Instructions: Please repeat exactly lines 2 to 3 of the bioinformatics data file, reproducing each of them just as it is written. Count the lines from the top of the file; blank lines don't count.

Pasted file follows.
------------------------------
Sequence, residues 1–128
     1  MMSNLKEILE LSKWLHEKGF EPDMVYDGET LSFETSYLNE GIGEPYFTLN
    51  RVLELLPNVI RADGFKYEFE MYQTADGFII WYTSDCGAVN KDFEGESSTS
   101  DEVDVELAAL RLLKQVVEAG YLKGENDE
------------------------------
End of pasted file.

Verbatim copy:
     1  MMSNLKEILE LSKWLHEKGF EPDMVYDGET LSFETSYLNE GIGEPYFTLN
    51  RVLELLPNVI RADGFKYEFE MYQTADGFII WYTSDCGAVN KDFEGESSTS